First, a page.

As a research horticulturist and teacher of gardening courses at the Memorial University of Newfoundland Botanical Garden, I’m always trying to impress upon gardeners the value of foliage. Many people simply look at a plant’s flowers, failing to take into account its “full package.” The trouble with this approach is that a number of plants look attractive for a week or two but are lacklustre for the rest of the season. By contrast, rhododendrons provide year-round interest. A well-grown specimen can be stunning when in full bloom, and the greenery of the evergreen types is welcome during the dreary months of November through March. However, a few rhododendrons go that extra mile with foliage that’s so attractive they’d make excellent additions to the landscape even if they never actually flowered.
My favourite foliage rhododendrons are those with leaves that are densely covered in a felt-like coating of silvery white, cream, fawn or rusty orange hairs on the surface of the leaf (the tomentum) and its underside (the indumentum). In nearly all cases, the tomentum gradually disappears during summer, while the indumentum remains year-round.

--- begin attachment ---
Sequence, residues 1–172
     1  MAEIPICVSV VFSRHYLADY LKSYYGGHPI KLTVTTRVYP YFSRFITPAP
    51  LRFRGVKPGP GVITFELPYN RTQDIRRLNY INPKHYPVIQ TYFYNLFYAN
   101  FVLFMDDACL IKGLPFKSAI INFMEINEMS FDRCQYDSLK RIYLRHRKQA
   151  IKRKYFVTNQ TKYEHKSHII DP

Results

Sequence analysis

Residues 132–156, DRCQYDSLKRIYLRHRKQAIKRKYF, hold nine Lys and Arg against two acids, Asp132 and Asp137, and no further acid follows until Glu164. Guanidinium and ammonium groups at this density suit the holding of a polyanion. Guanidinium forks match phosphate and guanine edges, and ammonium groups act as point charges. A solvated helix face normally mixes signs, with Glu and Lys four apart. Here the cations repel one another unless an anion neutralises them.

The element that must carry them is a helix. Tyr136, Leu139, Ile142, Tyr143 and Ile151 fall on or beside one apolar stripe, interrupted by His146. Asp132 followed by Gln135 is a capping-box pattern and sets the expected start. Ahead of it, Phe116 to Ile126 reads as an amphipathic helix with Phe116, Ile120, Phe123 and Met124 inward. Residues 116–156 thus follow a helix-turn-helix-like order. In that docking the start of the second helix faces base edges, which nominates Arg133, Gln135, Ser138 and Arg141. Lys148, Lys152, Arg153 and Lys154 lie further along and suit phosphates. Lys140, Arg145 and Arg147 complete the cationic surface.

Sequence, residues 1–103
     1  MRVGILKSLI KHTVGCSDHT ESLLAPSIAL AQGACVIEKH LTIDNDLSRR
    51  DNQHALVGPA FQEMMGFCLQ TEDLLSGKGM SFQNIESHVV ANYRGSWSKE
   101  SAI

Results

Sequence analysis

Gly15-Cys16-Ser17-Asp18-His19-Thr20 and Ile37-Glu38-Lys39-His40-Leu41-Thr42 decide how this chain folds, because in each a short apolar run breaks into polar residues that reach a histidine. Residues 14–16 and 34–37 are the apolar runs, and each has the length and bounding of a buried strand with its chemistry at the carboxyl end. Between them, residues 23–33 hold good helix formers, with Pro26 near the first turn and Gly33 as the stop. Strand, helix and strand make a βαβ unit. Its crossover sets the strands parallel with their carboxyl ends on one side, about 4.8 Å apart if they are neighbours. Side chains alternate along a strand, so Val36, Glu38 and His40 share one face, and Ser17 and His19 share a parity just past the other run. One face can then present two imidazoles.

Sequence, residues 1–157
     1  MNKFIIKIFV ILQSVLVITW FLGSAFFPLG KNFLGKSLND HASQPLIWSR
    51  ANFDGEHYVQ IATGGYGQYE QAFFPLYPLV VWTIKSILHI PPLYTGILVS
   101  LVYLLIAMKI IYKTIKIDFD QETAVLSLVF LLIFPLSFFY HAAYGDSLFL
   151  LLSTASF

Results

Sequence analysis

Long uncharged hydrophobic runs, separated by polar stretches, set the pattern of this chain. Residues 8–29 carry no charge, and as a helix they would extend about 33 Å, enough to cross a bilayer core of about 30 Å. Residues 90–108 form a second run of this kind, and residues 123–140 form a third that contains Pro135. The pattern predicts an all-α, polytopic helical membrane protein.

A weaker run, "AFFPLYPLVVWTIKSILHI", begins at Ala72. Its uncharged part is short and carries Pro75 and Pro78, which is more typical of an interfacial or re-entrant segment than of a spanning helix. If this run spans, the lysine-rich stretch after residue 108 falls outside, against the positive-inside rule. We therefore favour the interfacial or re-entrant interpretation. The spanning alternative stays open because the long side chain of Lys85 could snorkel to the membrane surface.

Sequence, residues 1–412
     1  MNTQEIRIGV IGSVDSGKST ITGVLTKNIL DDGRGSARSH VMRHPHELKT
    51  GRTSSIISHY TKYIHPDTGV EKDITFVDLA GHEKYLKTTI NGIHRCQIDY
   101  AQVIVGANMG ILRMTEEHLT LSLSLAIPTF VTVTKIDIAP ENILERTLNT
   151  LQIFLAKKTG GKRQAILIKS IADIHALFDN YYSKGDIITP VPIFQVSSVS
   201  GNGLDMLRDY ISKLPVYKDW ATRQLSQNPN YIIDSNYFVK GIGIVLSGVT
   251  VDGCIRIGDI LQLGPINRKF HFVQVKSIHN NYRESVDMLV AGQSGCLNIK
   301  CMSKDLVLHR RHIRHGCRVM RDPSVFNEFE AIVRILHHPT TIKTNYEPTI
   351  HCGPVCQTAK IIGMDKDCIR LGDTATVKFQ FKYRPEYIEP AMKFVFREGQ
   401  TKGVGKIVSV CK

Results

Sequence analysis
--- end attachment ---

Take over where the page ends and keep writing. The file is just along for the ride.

The most popular group of these rhododendrons is the Japanese species Rhododendron yakushimanum. Often referred to as the yak rhododendron, it’s among the hardiest of the large-leafed varieties. The plants are compact and generally wider than they are tall. The blooms open bubblegum pink and age to pale pink or white. Then, after flowering, up come velvety leaves that are silvery white to cream. As the summer progresses, the tomentum gradually fades to reveal glossy, deep green leaf surfaces while the undersides retain the cream-coloured indumentum. There are several yakushimanum selections and hybrids on the market.
Another hairy-leafed variety is the bureau rhododendron, a Chinese species. Generally more upright than yakushimanum, it can top more than two metres. New foliage emerges covered in fawn to rust tomentum with bright orange-red indumentum. Later in summer, the tomentum gives way, exposing a shiny, black-green leaf surface, which contrasts dramatically with the orange-red underside. Deep pink buds open to expose pale pink to white blooms. Also available is a close look-alike, called ‘Teddy Bear’, which is a hybrid of bureau and yakushimanum rhododendrons.